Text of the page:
Court rules Free State Project president had right to film Weare police during a traffic stop
Individuals have a right to film police during traffic stops, the 1st Circuit Court of Appeals ruled Friday in a 2010 case filed by Free State Project President Carla Gericke against Weare police.
Even so, police may impose limits on the public's right to film when circumstances justify them, Judge Kermit V. Lipez ruled. Such situations include the need to maintain safety and control, particularly during traffic stops, which can be "especially fraught with danger to police officers."
"It was clearly established at the time of the stop that the First Amendment right to film police carrying out their duties in public, including a traffic stop, remains unfettered if no reasonable restriction is imposed or in place," Lipez wrote in his 21-page decision. The ruling upheld a Concord federal court decision that denied Weare police officers' claim that they were entitled to "qualified immunity'' in charging Gericke with illegal wiretapping during the March 24, 2010, traffic stop.
Gericke sued the town, its police department and the arresting officers, claiming her arrest was retaliatory and violated her First Amendment rights.For purposes of the appeal, the ruling relied entirely on Gericke's version of events to determine whether qualified immunity applied.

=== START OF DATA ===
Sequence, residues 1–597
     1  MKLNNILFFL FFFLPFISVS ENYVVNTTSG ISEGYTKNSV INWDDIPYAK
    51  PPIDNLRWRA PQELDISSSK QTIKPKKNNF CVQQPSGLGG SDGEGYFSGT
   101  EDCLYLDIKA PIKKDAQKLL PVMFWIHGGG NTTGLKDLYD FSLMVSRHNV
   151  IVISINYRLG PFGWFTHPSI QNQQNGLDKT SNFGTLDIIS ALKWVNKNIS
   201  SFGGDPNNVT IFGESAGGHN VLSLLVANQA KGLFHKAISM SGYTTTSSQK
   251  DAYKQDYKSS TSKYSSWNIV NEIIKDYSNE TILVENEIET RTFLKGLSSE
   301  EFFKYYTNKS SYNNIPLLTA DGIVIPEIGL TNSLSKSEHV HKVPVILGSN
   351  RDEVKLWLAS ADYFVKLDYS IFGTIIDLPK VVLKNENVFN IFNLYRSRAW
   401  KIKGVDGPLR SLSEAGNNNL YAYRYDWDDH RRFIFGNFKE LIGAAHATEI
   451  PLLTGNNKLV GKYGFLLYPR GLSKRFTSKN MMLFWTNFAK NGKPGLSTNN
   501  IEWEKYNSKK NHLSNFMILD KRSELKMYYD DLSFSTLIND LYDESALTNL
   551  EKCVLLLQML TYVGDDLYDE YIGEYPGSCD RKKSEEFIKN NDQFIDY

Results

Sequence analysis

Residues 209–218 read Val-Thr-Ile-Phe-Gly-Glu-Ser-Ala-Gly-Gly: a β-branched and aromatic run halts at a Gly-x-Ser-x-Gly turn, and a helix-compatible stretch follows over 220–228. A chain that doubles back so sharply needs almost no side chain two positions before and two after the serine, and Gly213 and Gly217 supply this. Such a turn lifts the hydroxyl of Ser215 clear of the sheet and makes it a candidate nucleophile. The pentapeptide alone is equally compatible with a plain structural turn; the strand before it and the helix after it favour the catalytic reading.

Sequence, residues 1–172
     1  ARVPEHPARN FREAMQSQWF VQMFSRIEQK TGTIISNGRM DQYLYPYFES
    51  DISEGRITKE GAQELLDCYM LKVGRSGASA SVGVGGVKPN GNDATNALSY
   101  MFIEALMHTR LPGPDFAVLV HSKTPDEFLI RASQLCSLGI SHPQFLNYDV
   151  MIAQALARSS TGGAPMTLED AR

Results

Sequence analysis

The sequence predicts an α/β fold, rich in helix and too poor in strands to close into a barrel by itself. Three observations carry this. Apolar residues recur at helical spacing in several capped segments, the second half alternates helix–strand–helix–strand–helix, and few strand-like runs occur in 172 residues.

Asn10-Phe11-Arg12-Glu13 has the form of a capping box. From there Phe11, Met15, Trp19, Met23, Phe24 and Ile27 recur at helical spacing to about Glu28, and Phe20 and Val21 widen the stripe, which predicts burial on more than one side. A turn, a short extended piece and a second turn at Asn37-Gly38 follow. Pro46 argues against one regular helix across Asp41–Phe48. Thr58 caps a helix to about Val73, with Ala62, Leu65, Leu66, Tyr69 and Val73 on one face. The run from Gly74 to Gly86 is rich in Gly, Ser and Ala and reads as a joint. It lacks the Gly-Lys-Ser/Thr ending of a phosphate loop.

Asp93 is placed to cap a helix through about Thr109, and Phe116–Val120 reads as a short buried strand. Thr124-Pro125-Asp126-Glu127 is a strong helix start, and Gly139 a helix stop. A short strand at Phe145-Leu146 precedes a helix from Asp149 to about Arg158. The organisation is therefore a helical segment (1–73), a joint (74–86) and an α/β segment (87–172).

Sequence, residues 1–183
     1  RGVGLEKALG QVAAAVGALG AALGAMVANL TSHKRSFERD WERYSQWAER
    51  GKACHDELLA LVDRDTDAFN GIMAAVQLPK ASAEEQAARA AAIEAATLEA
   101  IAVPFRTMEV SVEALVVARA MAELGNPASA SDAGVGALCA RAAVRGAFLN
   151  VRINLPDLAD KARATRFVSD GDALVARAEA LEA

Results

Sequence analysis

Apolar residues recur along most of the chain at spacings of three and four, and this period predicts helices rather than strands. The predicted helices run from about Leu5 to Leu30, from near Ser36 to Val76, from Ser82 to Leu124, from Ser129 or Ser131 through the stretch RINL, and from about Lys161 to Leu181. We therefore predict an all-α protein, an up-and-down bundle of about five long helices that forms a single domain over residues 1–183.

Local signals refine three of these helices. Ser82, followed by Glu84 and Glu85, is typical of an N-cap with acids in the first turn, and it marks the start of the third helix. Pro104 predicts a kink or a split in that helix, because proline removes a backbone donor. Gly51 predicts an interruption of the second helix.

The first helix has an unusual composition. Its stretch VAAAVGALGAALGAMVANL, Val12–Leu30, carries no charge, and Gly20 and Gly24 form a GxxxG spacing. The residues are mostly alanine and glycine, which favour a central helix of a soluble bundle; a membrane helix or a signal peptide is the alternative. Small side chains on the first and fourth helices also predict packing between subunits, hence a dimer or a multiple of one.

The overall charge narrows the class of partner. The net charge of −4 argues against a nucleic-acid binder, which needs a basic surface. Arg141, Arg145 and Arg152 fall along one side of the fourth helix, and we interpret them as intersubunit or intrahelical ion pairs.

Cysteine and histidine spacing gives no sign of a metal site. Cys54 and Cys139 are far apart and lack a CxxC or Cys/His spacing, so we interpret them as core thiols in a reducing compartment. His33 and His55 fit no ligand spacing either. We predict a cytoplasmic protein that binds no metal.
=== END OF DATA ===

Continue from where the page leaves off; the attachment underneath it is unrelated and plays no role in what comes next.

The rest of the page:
Qualified immunity provides government officials room to make "reasonable but mistaken judgments" by shielding them from liability for civil damage for actions that do not violate clearly established statutory or constitutional rights, Lipez wrote.
The case now goes back to U.S. District Court in Concord for a jury trial, at which jurors will decide whether Gericke's claim - that she complied with all police orders - was truthful or they believe Weare police officers' assertion that she was disruptive and interfered with police work.
Gericke's attorney praised the appeals court ruling.
This is significant because it makes clear again that individuals have the right to record police during traffic stops, which wasn't clear in the past. This actually sets a new precedent for the federal courts in Maine, Massachusetts, New Hampshire, Rhode Island and Puerto Rico," Concord attorney Stephen T. Martin said Saturday. Martin represents Gericke, who lives in Lebanon and was stopped while driving through Weare.
Attorney Charles P. Bauer, who represents the Weare Police Department and most of the officers named in the suit, stressed the case is far from over and will hinge on whom the jury believes.
Weare police argue they were entitled to qualified immunity in charging Gericke with violating the state's wiretapping law because Gericke allegedly was disruptive and interfered with a "late-night troublesome traffic stop" that involved four unknown people - at least one of whom was armed with a pistol - and multiple vehicles.
Ruling solely on the immunity issue, Judge Lipez was required to accept Gericke's version of the facts, Bauer said.
If a jury believes the police officers' version that Gericke was disruptive, the qualified immunity claim could be raised again, Bauer added. Bauer said he will review the decision in greater detail and will consider appealing to the U.S. Supreme Court.Gericke was riding in a car behind her friend, Tyler Hanslin, when then-Sgt. Joseph Kelley pulled over Hanslin's car about 11:30 p.m. Hanslin was carrying a firearm. Gericke said she pulled her car across the street, told Kelley she was going to audio-record him and began videotaping while standing about 30 feet away. She claimed she complied with all police orders and never was asked to stop recording.